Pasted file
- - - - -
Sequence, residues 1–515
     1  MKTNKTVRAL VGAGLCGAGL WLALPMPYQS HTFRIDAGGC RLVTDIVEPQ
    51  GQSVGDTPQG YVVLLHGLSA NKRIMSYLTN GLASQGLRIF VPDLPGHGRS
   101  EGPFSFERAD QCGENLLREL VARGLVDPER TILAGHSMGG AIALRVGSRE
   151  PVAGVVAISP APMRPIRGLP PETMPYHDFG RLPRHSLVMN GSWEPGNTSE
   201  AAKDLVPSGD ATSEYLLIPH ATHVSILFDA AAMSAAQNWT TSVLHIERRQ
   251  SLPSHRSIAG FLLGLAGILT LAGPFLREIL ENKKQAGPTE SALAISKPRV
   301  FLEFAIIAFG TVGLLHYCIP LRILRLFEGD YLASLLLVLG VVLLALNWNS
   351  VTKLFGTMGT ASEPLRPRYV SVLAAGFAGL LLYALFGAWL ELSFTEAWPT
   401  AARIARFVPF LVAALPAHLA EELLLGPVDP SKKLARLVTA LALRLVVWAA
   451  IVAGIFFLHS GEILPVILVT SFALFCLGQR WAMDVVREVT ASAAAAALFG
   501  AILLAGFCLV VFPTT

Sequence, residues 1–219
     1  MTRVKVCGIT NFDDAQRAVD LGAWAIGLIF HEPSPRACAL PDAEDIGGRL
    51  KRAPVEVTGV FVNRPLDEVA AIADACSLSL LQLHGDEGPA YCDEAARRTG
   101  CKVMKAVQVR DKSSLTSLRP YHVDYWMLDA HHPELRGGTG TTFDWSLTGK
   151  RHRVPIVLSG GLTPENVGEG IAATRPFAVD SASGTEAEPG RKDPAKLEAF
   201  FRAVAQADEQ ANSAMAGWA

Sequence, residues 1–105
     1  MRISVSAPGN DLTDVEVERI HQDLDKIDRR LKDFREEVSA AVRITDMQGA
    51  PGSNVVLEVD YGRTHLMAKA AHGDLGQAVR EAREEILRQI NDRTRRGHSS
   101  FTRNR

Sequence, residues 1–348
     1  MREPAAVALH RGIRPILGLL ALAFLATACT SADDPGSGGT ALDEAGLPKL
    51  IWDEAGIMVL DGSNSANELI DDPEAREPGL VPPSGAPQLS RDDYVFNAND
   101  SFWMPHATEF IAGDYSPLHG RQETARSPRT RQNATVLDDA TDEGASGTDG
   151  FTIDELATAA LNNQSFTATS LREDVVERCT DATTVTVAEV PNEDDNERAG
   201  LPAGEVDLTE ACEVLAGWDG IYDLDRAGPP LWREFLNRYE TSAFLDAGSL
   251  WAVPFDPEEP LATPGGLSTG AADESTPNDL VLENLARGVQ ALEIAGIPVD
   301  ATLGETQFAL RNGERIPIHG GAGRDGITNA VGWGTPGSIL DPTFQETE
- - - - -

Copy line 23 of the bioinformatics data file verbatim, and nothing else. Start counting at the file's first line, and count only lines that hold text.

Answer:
Sequence, residues 1–348